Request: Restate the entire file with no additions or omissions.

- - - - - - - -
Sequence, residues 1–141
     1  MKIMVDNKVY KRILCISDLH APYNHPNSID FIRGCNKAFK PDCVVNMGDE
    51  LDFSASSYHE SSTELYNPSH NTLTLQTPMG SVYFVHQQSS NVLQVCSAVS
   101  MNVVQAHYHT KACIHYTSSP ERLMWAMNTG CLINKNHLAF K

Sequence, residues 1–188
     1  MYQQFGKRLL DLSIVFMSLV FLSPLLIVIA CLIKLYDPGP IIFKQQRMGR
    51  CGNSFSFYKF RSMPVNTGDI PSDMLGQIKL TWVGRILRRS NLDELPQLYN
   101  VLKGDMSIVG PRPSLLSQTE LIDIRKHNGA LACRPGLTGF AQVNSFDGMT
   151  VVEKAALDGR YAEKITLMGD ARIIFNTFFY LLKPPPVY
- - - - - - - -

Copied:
Sequence, residues 1–141
     1  MKIMVDNKVY KRILCISDLH APYNHPNSID FIRGCNKAFK PDCVVNMGDE
    51  LDFSASSYHE SSTELYNPSH NTLTLQTPMG SVYFVHQQSS NVLQVCSAVS
   101  MNVVQAHYHT KACIHYTSSP ERLMWAMNTG CLINKNHLAF K

Sequence, residues 1–188
     1  MYQQFGKRLL DLSIVFMSLV FLSPLLIVIA CLIKLYDPGP IIFKQQRMGR
    51  CGNSFSFYKF RSMPVNTGDI PSDMLGQIKL TWVGRILRRS NLDELPQLYN
   101  VLKGDMSIVG PRPSLLSQTE LIDIRKHNGA LACRPGLTGF AQVNSFDGMT
   151  VVEKAALDGR YAEKITLMGD ARIIFNTFFY LLKPPPVY